Health care advocates worry about expiring insurance subsidies | Journal-news

CHARLESTON — Health care advocates in West Virginia are calling on Congress to find a way to expand health insurance subsidies put in place due to the COVID-19 pandemic before they expire later this year.

The federal American Rescue Plan Act extended eligibility for health insurance subsidies under the Affordable Care Act. Subsidies given to people purchasing their own health insurance in state-run markets or through HealthCare.gov. Subsidies took the form of tax credits to reduce the cost of premiums.

Subsidies are limited to people whose income is above 400% of the poverty line. ARPA also increased the dollar amount of financial assistance for low-income people who were already eligible for health insurance through the ACA. But those grants expire on Jan. 1, 2023, unless Congress reauthorizes them.

According to the Centers for Medicare and Medicaid Services, the subsidies saved an individual an average of $50 per month or $85 per policy per month, with four out of five enrollees finding insurance plans for $10 per month or less. after the start of the tax credits.

West Virginia has two health insurance companies that participate in the state-run market: West Virginia Highmark Blue Cross Blue Shield and CareSource. First Choice Services, the company that operates the state’s gambling addiction, substance abuse, mental health, tobacco, and suicide prevention hotlines, operates the ACA Navigator program in West Virginia.

Jeremy Smith, program director for First Choice Services, said ARPA’s health insurance grants have been very helpful for people who otherwise might not have been able to afford health insurance.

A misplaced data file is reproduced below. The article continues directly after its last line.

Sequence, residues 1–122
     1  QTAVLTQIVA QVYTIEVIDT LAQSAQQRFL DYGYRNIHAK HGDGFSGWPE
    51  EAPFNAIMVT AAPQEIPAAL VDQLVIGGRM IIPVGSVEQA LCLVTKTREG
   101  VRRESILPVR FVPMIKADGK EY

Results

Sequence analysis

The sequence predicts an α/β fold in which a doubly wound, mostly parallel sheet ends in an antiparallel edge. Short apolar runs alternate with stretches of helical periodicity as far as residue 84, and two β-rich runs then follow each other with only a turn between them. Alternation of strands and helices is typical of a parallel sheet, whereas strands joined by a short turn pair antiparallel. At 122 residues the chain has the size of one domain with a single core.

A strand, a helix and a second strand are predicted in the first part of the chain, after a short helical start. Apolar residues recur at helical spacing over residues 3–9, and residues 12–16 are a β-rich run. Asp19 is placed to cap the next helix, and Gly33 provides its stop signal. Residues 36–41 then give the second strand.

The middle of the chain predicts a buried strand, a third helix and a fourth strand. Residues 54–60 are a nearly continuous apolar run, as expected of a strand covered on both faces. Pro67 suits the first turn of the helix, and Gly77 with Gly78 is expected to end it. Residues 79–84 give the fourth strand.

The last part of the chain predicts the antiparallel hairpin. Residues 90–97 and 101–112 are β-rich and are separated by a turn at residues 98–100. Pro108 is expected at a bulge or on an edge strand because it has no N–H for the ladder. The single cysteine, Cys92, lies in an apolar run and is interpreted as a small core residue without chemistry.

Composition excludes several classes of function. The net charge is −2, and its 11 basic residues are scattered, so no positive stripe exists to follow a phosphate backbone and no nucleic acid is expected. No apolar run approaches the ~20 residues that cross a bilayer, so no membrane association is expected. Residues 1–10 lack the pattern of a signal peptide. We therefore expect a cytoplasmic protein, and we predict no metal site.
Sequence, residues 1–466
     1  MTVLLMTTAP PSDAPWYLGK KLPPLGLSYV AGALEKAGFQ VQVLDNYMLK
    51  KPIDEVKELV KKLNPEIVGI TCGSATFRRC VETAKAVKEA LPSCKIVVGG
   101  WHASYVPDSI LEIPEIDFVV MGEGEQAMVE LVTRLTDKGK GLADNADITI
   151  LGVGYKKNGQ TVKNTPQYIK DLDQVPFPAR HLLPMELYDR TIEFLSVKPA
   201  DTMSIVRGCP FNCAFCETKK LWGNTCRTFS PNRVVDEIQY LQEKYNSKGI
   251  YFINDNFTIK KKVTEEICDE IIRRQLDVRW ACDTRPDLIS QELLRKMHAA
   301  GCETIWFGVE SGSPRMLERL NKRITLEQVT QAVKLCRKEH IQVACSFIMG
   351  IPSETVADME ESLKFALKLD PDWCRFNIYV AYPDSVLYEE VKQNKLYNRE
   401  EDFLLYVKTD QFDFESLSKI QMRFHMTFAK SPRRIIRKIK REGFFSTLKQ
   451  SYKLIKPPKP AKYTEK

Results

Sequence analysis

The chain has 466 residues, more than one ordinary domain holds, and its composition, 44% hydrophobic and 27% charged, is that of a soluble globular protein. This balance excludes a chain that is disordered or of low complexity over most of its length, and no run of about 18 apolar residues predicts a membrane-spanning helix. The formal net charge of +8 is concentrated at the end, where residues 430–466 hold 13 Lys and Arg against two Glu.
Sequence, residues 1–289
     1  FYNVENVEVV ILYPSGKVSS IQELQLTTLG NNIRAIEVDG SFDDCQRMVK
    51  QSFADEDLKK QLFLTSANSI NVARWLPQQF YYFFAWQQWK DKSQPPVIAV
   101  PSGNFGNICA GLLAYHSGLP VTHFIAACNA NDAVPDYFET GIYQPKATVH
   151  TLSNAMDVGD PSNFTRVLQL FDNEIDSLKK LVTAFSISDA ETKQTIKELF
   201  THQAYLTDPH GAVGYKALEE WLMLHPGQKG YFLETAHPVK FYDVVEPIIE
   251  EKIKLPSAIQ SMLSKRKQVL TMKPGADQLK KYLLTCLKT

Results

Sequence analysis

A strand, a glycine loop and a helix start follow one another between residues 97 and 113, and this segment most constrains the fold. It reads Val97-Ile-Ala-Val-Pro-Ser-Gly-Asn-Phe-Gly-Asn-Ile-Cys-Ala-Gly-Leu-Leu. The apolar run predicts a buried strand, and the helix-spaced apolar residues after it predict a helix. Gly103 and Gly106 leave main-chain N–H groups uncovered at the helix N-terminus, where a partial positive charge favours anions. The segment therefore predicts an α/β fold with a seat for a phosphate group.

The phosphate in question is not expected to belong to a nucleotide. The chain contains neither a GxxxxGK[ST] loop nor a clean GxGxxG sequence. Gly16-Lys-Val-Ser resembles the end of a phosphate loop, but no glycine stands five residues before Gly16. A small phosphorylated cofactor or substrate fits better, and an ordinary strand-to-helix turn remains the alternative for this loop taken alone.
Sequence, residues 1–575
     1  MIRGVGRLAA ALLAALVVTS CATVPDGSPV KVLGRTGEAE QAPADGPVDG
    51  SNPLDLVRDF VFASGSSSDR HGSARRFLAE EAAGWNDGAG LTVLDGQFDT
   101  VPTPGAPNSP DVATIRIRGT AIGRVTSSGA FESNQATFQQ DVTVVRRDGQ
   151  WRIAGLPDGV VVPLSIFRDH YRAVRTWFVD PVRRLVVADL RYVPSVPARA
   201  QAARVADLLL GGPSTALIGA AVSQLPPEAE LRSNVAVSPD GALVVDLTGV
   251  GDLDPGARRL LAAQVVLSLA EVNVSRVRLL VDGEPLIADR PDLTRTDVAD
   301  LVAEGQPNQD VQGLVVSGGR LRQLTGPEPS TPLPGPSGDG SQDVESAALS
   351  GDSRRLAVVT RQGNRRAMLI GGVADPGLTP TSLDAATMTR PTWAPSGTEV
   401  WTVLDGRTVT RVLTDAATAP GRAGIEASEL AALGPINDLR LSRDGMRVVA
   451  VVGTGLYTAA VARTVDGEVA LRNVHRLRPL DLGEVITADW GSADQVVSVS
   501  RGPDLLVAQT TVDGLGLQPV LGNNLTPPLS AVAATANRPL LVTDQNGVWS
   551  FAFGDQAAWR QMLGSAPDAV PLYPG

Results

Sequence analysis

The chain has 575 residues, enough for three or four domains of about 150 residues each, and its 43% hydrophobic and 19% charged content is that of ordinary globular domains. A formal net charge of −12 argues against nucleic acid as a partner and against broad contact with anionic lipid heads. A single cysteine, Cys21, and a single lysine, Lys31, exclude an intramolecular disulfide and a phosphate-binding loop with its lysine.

“I was able to travel the state to every nook and cranny and talk to many different families about health coverage and help them with the enrollment process. So what I’ve seen over the years is that these grants are the backbone of this program,” Smith said. “What I’ve seen in 2021 with the enhanced US bailout grants is that it’s been a game changer. It has made all the difference in the world for people to get affordable health coverage again.

Chris Walters, owner of Integrity Insurance Group in Charleston and a former Republican state senator, said employers have seen a 47% increase in health insurance costs over the past 10 years. He said the ARPA grants have given employees another option for affordable insurance.

“Where the subsidies have really come in is allowing those employees to be able to consider other opportunities to get insurance through the exchange and for employers to provide benefits in other areas as well,” Walters said. “This gives employers the opportunity here to point their employees in the right direction to find very affordable coverage while keeping them in their workforce in West Virginia.”

Jessie Ice, executive director of West Virginians for Affordable Health Care, said 23,000 West Virginians have ACA coverage in the state-run market, with 18,000 people losing coverage if subsidies expire.

“This is $37.5 million worth of grants that we were giving to our people that will be taken away if we don’t expand this tax credit and make it permanent,” Ice said. . “Without pursuing these enhanced ACA subsidies, West Virginians would likely see a 63% increase in market prices.”

Supporters of the subsidies have called on US senses Shelley Moore Capito, RW.Va., and Joe Manchin, DW.Va., to use their influence to expand the subsidies. Manchin toyed with a smaller version of President Joe Biden’s Build Back Better plan, which grant supporters see as a way to expand ACA tax credits. Ice recently participated in a Save our Care call with House Majority Leader Steny Hoyer, DM.D., calling on Congress to act.

“We need our senators to use their power to tell Congress this is what West Virginia needs,” Ice said. “West Virginia needs these permanent advanced premium tax credits in our market.”

Steven Allen Adams can be reached at sadams@newsandsentinel.com.

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